Optical Society of America. "Using math and light to detect misshapen red blood cells." ScienceDaily. ScienceDaily, 2 November 2011. <www.sciencedaily.com/releases/2011/10/111031121216.htm>.
Optical Society of America. (2011, November 2). Using math and light to detect misshapen red blood cells. ScienceDaily. Retrieved November 22, 2014 from www.sciencedaily.com/releases/2011/10/111031121216.htm
Optical Society of America. "Using math and light to detect misshapen red blood cells." ScienceDaily. www.sciencedaily.com/releases/2011/10/111031121216.htm (accessed November 22, 2014).

Share This


More From ScienceDaily



More Health & Medicine News

Saturday, November 22, 2014

Featured Research

from universities, journals, and other organizations


Featured Videos

from AP, Reuters, AFP, and other news services

WFP: Ebola Risks Heightened Among Women Throughout Africa

WFP: Ebola Risks Heightened Among Women Throughout Africa

AFP (Nov. 21, 2014) Having children has always been a frightening prospect in Sierra Leone, the world's most dangerous place to give birth, but Ebola has presented an alarming new threat for expectant mothers. Duration: 00:37 Video provided by AFP
Powered by NewsLook.com
Could Your Genes Be The Reason You're Single?

Could Your Genes Be The Reason You're Single?

Newsy (Nov. 21, 2014) Researchers in Beijing discovered a gene called 5-HTA1, and carriers are reportedly 20 percent more likely to be single. Video provided by Newsy
Powered by NewsLook.com
Raw: Paralyzed Marine Walks With Robotic Braces

Raw: Paralyzed Marine Walks With Robotic Braces

AP (Nov. 21, 2014) Marine Corps officials say a special operations officer left paralyzed by a sniper's bullet in Afghanistan walked using robotic leg braces in a ceremony to award him a Bronze Star. (Nov. 21) Video provided by AP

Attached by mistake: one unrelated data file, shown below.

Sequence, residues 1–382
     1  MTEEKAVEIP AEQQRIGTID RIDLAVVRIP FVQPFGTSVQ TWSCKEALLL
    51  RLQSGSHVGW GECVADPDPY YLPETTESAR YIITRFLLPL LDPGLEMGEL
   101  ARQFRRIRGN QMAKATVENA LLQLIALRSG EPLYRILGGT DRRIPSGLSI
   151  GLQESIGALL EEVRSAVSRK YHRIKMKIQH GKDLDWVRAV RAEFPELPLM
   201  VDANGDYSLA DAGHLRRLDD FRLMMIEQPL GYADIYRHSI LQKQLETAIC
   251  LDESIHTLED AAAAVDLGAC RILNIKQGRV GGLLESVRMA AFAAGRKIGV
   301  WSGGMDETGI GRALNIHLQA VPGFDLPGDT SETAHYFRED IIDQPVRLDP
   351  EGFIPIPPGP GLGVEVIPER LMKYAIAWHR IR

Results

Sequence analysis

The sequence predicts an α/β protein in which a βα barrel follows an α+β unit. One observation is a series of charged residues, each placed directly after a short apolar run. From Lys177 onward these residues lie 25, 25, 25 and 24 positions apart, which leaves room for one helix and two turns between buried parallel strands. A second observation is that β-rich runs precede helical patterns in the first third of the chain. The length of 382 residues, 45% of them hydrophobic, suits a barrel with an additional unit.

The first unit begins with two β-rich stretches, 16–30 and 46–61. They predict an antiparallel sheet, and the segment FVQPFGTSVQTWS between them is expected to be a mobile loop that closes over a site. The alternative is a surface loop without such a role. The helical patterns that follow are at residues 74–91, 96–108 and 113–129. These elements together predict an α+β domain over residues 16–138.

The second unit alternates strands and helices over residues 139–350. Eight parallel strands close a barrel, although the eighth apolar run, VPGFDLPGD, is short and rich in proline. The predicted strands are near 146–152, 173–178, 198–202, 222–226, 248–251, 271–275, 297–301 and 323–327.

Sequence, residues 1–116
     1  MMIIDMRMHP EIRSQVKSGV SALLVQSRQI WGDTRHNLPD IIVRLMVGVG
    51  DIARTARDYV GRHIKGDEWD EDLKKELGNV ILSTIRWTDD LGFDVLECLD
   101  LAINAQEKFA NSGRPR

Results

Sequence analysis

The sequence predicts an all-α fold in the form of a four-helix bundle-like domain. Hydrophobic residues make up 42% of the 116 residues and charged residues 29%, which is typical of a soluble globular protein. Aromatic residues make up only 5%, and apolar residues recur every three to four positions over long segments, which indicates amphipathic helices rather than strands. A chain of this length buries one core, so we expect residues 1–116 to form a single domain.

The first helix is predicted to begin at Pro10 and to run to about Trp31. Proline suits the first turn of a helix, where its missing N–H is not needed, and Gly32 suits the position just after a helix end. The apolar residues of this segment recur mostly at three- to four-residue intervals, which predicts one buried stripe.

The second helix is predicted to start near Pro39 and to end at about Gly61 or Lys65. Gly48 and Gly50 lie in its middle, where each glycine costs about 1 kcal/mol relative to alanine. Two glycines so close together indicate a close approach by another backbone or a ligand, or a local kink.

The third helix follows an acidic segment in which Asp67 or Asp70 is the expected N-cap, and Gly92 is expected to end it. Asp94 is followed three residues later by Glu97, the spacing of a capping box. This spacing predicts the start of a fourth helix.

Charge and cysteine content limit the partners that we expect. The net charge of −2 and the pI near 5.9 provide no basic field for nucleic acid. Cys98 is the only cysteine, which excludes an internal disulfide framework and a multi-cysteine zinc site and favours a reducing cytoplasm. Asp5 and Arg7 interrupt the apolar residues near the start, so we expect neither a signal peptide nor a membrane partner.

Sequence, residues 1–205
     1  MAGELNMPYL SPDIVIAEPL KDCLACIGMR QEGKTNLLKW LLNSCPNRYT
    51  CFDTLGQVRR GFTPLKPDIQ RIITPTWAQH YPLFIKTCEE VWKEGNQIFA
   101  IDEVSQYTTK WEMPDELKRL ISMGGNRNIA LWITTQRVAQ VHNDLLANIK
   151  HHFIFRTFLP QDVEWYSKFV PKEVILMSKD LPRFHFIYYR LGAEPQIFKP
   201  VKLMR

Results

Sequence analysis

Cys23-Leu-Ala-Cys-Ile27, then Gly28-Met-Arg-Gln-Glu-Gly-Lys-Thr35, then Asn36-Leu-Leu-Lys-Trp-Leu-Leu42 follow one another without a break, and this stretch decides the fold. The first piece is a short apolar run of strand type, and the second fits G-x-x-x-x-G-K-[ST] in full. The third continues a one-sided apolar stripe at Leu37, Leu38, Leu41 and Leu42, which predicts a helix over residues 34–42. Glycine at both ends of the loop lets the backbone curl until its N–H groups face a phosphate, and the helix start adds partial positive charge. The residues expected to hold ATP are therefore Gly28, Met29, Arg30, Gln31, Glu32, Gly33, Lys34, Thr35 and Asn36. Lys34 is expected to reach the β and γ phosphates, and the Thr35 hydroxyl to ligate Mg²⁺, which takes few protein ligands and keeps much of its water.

Powered by NewsLook.com
Milestone Birthdays Can Bring Existential Crisis, Study Says

Milestone Birthdays Can Bring Existential Crisis, Study Says

Newsy (Nov. 21, 2014) Researchers find that as people approach new decades in their lives they make bigger life decisions. Video provided by Newsy
Powered by NewsLook.com

Search ScienceDaily

Number of stories in archives: 140,361

Find with keyword(s):
Enter a keyword or phrase to search ScienceDaily for related topics and research stories.

Save/Print:
Share:

Breaking News:

Strange & Offbeat Stories


Health & Medicine

Mind & Brain

Living & Well

In Other News

... from NewsDaily.com

Science News

Health News

Environment News

Technology News



Save/Print:
Share:

Free Subscriptions


Get the latest science news with ScienceDaily's free email newsletters, updated daily and weekly. Or view hourly updated newsfeeds in your RSS reader:

Get Social & Mobile


Keep up to date with the latest news from ScienceDaily via social networks and mobile apps:

Have Feedback?


Tell us what you think of ScienceDaily -- we welcome both positive and negative comments. Have any problems using the site? Questions?
Mobile: iPhone Android Web
Follow: Facebook Twitter Google+
Subscribe: RSS Feeds Email Newsletters
Latest Headlines Health & Medicine Mind & Brain Space & Time Matter & Energy Computers & Math Plants & Animals Earth & Climate Fossils & Ruins